Our weekends have resumed their normal track now. Saturday Italian class, then buy Barron's.
The Cover Story ("What a Drag!") is about the newly recognized problem of the now huge student debts. Student loans now are greater than ALL auto loans and are also greater than credit card debt. The total student loan debt has apparently topped $1 trillion. [I see this word "trillion" everywhere now]
Author Jonathan R. Laing points the finger at higher tuition as the biggest part of the problem. He provides a handy graph that shows how tuition has gone MUCH MORE than housing, energy and health care in every year since 1990. Those of you with children in college, or with a recent graduate (that's us) or with a child soon to go will understand the pain of high tuition.
There are other bad actors in the student debt mess, prominent among them are the for-profit schools (ITT Education, Corinthian, DeVry, Apollo Group and many others).
Right next to his graph of tuition vs. other components of inflation, he provides another handy graph showing the exponential looking rise of tuition from 1996 (approximately $80 billion) to end of 2010 total of $900 billion.
The terms for student loans are harsh. If they default, they are virtually excluded from the credit economy writes Laing. No credit cards, no auto loans. Many students with debt don't even graduate... Students who leave with big loans are reluctant to fully participate in the "consumer economy" because these loans are not easy to shake off.
And with a bad economy for new graduates, there is a large chunk of our society not living the lives they were expecting. Some are suing their colleges claiming they made overly-rosy promises about how useful their degrees would be in finding a good job (I do not have a problem with suing arrogant universities).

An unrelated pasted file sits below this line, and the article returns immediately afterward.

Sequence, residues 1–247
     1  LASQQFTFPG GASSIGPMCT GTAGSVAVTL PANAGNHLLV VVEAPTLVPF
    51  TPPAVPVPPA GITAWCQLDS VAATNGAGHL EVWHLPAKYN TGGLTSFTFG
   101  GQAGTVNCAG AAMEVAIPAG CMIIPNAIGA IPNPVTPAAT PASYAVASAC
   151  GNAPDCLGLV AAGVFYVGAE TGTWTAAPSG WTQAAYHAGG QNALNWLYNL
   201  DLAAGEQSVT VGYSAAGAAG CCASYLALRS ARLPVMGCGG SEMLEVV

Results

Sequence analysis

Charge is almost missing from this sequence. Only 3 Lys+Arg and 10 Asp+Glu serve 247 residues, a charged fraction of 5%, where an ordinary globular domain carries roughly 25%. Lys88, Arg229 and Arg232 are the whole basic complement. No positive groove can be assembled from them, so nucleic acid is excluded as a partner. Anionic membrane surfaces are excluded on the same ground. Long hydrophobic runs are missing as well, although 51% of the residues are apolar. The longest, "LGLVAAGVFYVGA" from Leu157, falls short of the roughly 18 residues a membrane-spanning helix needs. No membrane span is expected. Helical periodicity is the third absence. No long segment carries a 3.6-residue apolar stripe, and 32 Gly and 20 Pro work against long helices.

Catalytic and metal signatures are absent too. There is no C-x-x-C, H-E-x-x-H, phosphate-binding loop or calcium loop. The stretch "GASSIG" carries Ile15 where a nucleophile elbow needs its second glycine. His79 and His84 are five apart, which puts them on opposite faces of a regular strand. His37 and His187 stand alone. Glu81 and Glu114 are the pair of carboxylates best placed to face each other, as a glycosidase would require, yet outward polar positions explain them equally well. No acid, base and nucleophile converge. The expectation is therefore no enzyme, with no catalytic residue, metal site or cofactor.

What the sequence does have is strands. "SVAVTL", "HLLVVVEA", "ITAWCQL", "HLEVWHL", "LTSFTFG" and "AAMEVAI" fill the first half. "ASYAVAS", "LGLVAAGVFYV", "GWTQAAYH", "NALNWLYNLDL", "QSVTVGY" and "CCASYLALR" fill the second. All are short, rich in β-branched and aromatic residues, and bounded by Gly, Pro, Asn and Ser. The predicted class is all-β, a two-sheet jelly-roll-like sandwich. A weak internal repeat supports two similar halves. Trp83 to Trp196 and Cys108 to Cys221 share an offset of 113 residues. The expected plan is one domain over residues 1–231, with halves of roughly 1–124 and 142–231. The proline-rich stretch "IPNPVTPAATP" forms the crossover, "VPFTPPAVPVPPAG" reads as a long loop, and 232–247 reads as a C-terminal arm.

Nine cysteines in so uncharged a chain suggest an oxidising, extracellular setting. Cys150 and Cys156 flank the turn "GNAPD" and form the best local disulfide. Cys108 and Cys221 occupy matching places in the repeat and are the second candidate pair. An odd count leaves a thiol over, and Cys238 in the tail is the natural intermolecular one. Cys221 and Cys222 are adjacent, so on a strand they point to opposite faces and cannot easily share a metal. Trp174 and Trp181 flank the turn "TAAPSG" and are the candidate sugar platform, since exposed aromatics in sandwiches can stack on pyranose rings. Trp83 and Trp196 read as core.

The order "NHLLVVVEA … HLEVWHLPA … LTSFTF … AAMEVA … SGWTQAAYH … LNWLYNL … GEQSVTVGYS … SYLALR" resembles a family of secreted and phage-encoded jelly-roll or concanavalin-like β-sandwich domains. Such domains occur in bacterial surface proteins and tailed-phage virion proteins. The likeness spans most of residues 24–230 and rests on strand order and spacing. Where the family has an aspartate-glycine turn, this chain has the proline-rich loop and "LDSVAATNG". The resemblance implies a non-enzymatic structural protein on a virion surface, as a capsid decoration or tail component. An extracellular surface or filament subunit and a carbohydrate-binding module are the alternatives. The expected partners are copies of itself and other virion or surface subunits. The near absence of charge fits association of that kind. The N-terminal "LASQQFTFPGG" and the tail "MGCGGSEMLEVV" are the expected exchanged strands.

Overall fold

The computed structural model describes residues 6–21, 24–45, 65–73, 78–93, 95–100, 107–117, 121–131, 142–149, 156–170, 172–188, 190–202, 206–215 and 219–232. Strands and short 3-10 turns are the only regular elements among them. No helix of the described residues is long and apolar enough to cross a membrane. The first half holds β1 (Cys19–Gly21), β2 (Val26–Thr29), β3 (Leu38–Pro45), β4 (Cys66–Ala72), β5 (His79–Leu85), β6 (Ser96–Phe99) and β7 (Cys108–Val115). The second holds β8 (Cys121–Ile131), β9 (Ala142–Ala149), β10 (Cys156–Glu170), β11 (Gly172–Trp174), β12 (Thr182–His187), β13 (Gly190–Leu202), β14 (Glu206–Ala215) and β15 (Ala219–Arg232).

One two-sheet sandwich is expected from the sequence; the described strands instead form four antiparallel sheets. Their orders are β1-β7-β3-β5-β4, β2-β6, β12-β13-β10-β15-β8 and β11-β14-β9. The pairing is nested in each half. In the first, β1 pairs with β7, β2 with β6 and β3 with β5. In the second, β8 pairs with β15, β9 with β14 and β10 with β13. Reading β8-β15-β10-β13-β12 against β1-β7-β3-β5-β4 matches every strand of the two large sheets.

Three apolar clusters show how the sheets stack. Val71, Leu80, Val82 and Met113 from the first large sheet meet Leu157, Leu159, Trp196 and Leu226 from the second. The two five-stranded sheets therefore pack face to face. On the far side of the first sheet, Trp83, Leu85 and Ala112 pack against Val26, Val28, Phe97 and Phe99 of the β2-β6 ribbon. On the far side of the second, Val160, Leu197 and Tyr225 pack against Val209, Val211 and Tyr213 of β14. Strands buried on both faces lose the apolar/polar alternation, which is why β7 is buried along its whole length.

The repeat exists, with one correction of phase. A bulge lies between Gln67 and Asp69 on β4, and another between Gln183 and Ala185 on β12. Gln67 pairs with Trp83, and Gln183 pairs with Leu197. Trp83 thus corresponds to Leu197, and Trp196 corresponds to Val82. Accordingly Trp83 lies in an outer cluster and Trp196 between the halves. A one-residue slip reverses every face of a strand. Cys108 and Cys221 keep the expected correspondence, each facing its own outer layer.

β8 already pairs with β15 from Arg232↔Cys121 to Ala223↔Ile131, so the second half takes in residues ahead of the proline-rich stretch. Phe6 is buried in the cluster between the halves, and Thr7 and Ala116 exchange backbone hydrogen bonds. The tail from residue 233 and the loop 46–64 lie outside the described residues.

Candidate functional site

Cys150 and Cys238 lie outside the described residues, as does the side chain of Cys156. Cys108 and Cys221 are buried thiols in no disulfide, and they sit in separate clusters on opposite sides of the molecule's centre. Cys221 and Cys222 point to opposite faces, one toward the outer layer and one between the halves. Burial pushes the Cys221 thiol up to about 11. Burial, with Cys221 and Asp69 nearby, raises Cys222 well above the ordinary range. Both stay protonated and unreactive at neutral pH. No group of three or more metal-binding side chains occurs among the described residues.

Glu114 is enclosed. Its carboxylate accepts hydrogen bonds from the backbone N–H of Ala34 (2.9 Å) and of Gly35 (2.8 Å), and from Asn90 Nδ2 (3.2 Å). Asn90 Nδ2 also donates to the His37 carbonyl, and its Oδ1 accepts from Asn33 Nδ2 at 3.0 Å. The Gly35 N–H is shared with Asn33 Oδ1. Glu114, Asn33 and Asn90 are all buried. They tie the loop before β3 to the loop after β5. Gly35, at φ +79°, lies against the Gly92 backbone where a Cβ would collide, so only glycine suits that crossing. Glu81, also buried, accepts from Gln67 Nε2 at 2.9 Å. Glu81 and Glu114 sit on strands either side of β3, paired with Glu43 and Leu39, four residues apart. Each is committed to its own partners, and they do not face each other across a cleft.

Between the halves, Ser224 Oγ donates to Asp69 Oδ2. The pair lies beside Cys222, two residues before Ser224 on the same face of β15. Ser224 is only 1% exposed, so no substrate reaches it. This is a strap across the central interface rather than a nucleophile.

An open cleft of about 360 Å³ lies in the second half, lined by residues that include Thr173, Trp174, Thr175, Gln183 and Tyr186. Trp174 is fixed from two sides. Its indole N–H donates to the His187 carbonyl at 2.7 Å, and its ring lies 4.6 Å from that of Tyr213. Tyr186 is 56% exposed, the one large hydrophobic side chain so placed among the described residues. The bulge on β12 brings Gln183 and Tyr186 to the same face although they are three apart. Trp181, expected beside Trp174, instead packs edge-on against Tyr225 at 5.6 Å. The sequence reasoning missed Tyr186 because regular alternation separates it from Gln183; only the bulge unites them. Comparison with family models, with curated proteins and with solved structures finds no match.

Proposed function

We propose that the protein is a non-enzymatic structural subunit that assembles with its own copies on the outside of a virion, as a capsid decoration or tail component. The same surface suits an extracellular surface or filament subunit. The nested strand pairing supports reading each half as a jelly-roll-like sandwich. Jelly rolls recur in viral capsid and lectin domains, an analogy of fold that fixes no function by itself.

This is a real problem. But, it is not in the same league as our larger and bigger debts. Subprime mortgages are $2.5 trillion for example.
On the next page after the Cover Story finishes, Bill Alpert closely examines ("Clever Is as Clever Does") one of the above mentioned for-profit schools: ITT Educational Services.
It seems that for-profit educational institutions like ITT Tech have had multiple run-ins with regulators and it also seems like a kind-of sleazy business. Alpert provides a graph showing cost ($) per educational credit. From a high of $646 (Corinthian, ticker COCO) to a low of $200 (average two-year public college).
The bearish Alan Abelson is back, and tossing bombs at all the R Team candidates! He mentions that if you did not like the fairly ugly political process in getting Mitt to be the likely nominee, well, you ain't seen nothing yet. He predicts the general (Romney vs. Obama) will be "really, really ugly." I would agree.
Abelson then goes on to write about how the gold miners and gold itself. He mentions a savvy investment pro Alan Newman as predicting a Dow:gold ratio of 5-to-1 (12,000 Dow, $2500 gold). Newman likes gold, as he sees that the BRICs will likely buy more than they have, so the price of gold is likely to continue upward, and the miners will finally catch a break.
Abelson then looked at the two week drop in the markets (Spain, Google's selfish stock split and other scattered weakness in the economy). He is not ready to make a bearish call yet, but will not surprise him of the markets continue to head down.
Kopin Tan ("Streetwise") writes that observers see weak earnings growth ahead.
"Sell in April and go away!"
-- Robert Mix
"What drags our entire economy down is when...the gap those at the very, very top and everyone else keeps growing wider and wider and wider and wider."
-- President Obama, promoting his "Buffett Rule"
For me, it is even harder to read his drivel than to listen to it. ZH-style grade: - 1